Wins and Saves Said to be Meaningless, but Verlander and Valverde Celebrate Anyway


It’s a tough time to be a traditional baseball fan, especially one with internet access. Last night, the Detroit Tigers finally slayed their dragons with a win in Cleveland, their first in 14 tries at Progressive Field. In the game, a pair of Tigers reached milestones that should be celebrated. But in this day and age, the celebrations need to be kept quiet, lest we meet the wrath of the more sabermetrically inclined.

Tigers ace Justin Verlander collected his 100th career win last night by tossing seven innings of three hit, three run ball. Jose Valverde, the club’s two-time all-star closer, sat down the Tribe in order in the ninth to collect his 33rd save in 33 tries this season. His 33 straight sets a new club record for most consecutive saves in one season, passing Willie Hernandez’s mark of 32 in a row. After the game, in the Tigers’ clubhouse, the team shared in some celebratory champagne to mark the achievements of both hurlers.

Verlander is the only active pitcher under the age of 30 to have 100 career victories. This should be just another piece of his ever-growing legend, a stepping stone on his way to Cy Young hardware this year, and perhaps to becoming one of the all-time great Tigers down the road. He reached the century mark in just 191 career games; since 1919, only 12 pitchers have gotten there faster. He also took over the major league lead in wins this season with his 17th.

Unfortunately, pitcher wins have become a taboo subject on baseball blogs. Don’t celebrate too loudly, else you might upset the fans of advanced metrics. Pitcher wins, they’ll tell you, is a useless stat that does nothing to show how well a pitcher actually does his job. For the most part they’re right. You have to look no further than Doug Fister to see the evidence. Fister, you might recall, joined the Tigers at the trade deadline, bringing with him an ugly 3-12 record, but a sparkling 3.30 ERA. After all, if his teammates didn’t score four runs last night, Verlander’s outing would have resulted in a loss instead of a win.

So 100 wins might not mean as much as it did even five years ago, not with all the people helping to spread the knowledge of looking past the traditional stats to gauge a pitcher’s true skill level, but as long as wins is still an official stat, I’ll celebrate Verlander reaching this milestone. Obviously, the guy just knows how to win.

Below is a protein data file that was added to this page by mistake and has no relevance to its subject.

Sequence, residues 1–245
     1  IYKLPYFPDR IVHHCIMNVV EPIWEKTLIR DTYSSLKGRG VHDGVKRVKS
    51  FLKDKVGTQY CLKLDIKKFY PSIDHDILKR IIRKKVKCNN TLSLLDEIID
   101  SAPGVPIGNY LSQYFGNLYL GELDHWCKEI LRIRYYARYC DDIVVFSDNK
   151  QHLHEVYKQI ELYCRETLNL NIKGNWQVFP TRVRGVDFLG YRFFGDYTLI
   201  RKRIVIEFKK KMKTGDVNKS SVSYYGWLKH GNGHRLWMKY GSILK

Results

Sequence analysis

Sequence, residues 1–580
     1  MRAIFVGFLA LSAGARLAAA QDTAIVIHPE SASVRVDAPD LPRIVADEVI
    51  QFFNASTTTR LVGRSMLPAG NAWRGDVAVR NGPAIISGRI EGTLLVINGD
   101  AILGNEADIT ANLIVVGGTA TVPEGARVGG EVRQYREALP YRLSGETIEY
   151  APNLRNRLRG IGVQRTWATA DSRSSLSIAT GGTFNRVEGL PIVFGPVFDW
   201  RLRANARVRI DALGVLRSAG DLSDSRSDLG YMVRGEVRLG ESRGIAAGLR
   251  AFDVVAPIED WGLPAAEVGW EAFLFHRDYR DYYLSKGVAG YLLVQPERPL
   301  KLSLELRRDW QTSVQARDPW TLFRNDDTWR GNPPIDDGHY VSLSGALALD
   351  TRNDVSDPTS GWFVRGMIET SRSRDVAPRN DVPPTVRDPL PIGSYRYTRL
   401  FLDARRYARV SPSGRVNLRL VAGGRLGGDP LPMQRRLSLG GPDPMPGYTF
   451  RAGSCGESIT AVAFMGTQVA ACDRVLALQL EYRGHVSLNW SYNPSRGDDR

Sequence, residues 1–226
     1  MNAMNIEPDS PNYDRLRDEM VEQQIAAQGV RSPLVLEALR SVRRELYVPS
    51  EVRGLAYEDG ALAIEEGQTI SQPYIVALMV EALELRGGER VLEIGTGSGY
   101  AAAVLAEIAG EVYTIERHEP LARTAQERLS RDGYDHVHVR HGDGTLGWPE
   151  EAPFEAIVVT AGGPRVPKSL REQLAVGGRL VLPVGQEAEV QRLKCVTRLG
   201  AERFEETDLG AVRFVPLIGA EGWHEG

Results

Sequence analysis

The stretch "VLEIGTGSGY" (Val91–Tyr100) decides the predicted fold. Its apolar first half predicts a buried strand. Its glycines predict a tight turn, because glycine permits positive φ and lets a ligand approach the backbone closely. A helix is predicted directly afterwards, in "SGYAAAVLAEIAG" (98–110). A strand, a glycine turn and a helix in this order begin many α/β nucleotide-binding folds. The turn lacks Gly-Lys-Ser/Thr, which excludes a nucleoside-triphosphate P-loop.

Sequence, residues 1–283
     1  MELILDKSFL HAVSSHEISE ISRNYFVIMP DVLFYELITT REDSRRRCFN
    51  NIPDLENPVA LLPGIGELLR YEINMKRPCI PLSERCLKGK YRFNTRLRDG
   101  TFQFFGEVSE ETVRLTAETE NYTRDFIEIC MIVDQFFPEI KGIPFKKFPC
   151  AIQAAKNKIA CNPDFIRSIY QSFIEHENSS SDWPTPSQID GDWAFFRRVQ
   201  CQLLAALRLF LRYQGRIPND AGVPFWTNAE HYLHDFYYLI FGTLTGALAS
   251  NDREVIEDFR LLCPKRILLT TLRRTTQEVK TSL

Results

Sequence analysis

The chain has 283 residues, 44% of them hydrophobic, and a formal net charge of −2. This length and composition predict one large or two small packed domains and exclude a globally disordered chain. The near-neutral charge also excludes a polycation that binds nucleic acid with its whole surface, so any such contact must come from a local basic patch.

As controversial as it might be to celebrate Verlander reaching the century mark in wins, it’s even more disgusting (to many) to even discuss Valverde and his consecutive saves record. There are many, probably more than the number of folks who will scoff at Verlander’s wins, that will tell you how useless the save stat is and how managers (not just Jim Leyland, but all managers) are actually undermining their own teams by mis-using their top relief arm. More than that, there is wide-spread disgust at the process by which general managers have been overpaying for a useless stat.

The problem is that regardless of whether or not you agree with the way Leyland uses Valverde (and again, you’d be disagreeing with the way every manager uses every closer), regardless of your feeling about saves and the dollar signs that follow those chosen to accumulate the stat, you must at least acknowledge the existence of a closer and the existence of the stat, no matter how mis-guided you think it is. The bottom line is that every team has a designated pitcher that they use in the ninth inning with a lead of three or fewer runs; every team does this.

Not one of those pitchers, save Valverde, has held on to the lead they were given every time they’ve been asked to do so this season. And further, not one Tigers closer since the save rule was created has held on to the lead they’ve been asked to protect, without fail, as often as Valverde has done it this year for Detroit.

Yes, we now have more information than ever before at our fingertips. We can see, with just a simple search, that Valverde could be used in higher-leverage situations than he is. We can see that Verlander is great not because he knows how to win, but because he also leads the league in strikeouts and WHIP.

The purpose of this piece isn’t to bash the saberists (or sabermetricians – whichever you prefer); it’s to note that while these two milestones are associated with stats that many feel are products of a bygone era in baseball, there remains a place for traditional stats as well. When used in concert, traditional stats and advanced metrics can and will paint a clearer picture of the players overall skill. Just as wins alone shouldn’t define who is the league’s top starter, neither, in my opinion, should that be determined solely by WAR.

Verlander, last night, did something great and he did it faster than all but 12 other guys in the past 92 years. Valverde did something that no Tigers pitcher has ever done before. Whether or not you like the milestones they reached, or the stats behind them, there is no question in my mind as to whether or not these achievements should be celebrated.

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